Callaghan’s Emma has difficulty getting George’s attention. George sees her as an able assistant and scientist, but he cannot see her for anything more. As a result, Callaghan brings an energy and angst to Emma that is almost palpable. Her scenes with her Esperanto instructor are informative, and through humor, Anderson uses Callaghan as a foil for some truly zany moments.

Anderson and Ortega are wonderful as Alta and Resten. The fire in their arguments is infectious as they charge at one another, ready for bear. Then they switch gears and come to each other tenderly, as a devoted couple deeply in love. Both Anderson and Ortega clearly delineate their secondary characters as well, but while Anderson’s transformation is complete, both physically and audibly, Ortega’s is mainly physical through his carriage. His character dialects aren’t as distinct.

The story takes place in several locations such as the lab, George and Mary’s house, a classroom, a shop, and even a train station and street. These are all clearly depicted with minimal set changes.

Ron Gasparinetti’s set design includes several shelves stage right and left filled high with file boxes reminiscent of a miniscule piece of the warehouse shown at the end of the movie, Raiders of the Lost Ark. There’s a door stage right that serves as the entrance to the lab. There’s a useable platform above the door stage right with more file boxes stacked upon it.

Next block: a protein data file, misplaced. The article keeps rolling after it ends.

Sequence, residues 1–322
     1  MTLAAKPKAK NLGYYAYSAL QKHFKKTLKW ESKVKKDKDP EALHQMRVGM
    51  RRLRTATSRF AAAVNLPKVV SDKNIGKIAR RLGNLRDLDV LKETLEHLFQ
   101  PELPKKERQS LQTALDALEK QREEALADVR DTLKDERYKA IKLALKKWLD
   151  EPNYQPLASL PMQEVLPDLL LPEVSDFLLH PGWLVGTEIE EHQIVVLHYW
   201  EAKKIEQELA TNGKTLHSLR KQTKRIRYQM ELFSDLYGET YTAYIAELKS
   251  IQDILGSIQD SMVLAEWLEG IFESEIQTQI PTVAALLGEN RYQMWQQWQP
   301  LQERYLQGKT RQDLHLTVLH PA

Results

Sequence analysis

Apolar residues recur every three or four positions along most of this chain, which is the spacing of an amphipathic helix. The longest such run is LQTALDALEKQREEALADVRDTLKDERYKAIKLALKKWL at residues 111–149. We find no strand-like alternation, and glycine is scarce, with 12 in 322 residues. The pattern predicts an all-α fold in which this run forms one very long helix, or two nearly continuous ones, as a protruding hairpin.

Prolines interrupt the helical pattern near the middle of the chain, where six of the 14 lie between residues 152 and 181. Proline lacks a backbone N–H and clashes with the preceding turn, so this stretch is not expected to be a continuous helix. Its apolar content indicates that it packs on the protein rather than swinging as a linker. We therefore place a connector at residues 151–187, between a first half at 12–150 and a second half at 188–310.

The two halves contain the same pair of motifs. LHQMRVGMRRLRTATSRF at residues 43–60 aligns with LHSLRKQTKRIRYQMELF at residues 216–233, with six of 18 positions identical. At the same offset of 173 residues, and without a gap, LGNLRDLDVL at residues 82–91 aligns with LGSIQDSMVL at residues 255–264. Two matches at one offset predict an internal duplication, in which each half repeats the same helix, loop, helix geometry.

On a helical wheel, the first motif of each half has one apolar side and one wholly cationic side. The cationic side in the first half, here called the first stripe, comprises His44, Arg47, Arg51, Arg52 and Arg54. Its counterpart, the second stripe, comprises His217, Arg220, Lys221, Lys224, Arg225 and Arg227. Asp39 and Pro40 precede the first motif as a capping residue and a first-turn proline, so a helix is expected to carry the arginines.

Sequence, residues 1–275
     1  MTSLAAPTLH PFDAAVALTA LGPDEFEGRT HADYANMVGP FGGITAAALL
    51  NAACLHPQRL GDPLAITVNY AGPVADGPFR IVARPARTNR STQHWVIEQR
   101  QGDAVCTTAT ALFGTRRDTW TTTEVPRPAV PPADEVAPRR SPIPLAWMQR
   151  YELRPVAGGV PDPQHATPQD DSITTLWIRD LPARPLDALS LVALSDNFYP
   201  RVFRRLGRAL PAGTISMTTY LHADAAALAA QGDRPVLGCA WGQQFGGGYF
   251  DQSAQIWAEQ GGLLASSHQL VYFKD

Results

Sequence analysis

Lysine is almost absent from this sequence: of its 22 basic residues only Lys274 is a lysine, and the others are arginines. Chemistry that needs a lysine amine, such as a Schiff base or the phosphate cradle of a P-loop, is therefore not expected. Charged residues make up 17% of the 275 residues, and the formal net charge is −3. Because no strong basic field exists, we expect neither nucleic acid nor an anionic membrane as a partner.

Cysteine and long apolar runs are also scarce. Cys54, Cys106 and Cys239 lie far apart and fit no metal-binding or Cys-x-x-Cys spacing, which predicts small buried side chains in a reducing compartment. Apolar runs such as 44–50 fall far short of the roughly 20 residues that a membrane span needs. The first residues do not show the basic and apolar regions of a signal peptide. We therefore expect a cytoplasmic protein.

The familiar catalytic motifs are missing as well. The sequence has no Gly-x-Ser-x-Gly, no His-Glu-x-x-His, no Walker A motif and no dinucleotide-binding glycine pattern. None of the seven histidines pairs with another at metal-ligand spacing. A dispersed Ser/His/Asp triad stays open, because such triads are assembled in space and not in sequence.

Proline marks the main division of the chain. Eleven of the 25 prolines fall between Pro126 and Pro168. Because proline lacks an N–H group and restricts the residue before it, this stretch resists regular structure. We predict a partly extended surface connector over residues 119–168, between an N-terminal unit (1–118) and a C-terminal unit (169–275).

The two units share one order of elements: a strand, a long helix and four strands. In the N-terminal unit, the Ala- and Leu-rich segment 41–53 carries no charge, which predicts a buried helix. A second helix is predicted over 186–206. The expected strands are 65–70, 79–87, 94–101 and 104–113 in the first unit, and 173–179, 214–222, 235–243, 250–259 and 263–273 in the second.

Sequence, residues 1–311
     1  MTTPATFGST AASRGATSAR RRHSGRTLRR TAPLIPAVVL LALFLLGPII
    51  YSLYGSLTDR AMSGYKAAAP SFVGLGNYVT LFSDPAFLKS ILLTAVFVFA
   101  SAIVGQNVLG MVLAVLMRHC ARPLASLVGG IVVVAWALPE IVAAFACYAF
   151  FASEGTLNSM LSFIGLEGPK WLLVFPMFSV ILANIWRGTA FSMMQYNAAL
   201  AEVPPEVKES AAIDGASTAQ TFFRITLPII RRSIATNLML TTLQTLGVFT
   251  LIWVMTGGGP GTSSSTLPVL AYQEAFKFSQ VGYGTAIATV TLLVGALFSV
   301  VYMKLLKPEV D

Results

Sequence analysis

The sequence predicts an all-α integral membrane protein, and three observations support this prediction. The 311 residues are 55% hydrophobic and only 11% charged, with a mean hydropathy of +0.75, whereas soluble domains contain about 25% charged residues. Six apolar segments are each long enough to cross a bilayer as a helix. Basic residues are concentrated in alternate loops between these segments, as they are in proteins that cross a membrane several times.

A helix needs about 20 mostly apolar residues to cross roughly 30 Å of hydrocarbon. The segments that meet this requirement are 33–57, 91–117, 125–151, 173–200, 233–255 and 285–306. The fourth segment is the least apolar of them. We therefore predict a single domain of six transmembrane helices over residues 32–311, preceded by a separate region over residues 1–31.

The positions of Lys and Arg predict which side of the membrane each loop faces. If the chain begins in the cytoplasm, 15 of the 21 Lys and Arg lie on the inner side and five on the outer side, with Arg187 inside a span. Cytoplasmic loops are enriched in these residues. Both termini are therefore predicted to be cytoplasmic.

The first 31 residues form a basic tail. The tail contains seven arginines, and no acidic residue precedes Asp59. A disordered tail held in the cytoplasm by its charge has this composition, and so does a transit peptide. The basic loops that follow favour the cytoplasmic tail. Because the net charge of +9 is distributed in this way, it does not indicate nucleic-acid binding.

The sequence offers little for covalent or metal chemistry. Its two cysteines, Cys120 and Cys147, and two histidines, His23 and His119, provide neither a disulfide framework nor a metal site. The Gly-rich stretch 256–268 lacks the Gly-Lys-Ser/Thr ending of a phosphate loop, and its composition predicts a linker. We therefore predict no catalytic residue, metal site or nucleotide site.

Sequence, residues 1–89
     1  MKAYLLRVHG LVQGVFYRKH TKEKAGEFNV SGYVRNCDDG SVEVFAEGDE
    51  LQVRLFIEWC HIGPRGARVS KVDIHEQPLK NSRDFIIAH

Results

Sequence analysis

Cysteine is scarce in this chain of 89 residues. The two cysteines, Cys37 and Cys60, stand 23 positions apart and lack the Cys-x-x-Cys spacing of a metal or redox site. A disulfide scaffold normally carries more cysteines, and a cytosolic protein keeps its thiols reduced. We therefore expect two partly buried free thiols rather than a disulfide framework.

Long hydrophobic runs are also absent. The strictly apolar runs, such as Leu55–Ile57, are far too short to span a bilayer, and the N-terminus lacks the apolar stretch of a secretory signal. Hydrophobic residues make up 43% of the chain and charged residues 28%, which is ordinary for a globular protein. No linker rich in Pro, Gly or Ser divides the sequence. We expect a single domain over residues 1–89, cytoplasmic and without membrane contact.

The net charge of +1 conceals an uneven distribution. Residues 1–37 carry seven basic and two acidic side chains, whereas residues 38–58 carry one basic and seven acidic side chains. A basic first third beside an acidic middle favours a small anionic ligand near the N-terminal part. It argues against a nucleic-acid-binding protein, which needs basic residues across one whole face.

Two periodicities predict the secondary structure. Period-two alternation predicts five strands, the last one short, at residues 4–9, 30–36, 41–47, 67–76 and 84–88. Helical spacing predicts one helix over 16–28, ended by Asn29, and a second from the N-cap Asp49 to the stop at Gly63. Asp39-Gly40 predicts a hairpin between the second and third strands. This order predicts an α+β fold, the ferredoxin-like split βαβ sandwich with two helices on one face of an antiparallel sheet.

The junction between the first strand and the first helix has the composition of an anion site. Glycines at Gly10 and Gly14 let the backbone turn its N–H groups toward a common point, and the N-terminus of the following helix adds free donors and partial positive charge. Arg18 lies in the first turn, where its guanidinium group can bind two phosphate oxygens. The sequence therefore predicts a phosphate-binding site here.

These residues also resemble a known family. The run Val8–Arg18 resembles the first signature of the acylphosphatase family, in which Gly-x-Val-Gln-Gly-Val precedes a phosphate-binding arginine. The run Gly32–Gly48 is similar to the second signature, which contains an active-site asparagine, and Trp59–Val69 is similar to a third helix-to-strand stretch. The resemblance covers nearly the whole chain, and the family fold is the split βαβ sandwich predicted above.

A rolling chalkboard is placed in front of the door when Anderson assumes her professorial role. The table serves many purposes and is moved to conform to the lab, the house, the classroom, and finally, the shop. There is a fixed drop upstage center covered with words meaning language or linguist written in many languages.

George Psarras’ sound design is spot on. His soundtrack provides the expected train whistles and sirens along with many other well-suited background noises and effects. He also includes some mood appropriate music for scene changes and underscoring during the more dramatic segments of the play. The music has a classical feel with some very contemporary influences in its use of timbres ranging from piano sounds, to harp and gentle percussion. The music accents the emotion within the scenes, greatly enhancing the moment.

The story travels a not unexpected path and ends not in joy, but in a satisfying, yet partially mystical and contemplative state. There is depth to the story that will spawn discussion and private reverie of how love and language intertwine. This production is well worth seeing as it continues through June at City Lights.

What: The Language Archive, by Julia Cho

Where: City Lights Theater Company located at: 529 South Second Street, San Jose, CA 95112.

When: Thursdays – Sundays through 29 June.

See cltc.org or call 408-295-4200 for more information.

(Photos courtesy of City Lights Theater Company)

Advertisements

Leave a Reply

Fill in your details below or click an icon to log in:

WordPress.com Logo

You are commenting using your WordPress.com account. Log Out / Change )

Twitter picture

You are commenting using your Twitter account. Log Out / Change )

Facebook photo

You are commenting using your Facebook account. Log Out / Change )

Google+ photo

You are commenting using your Google+ account. Log Out / Change )

Connecting to %s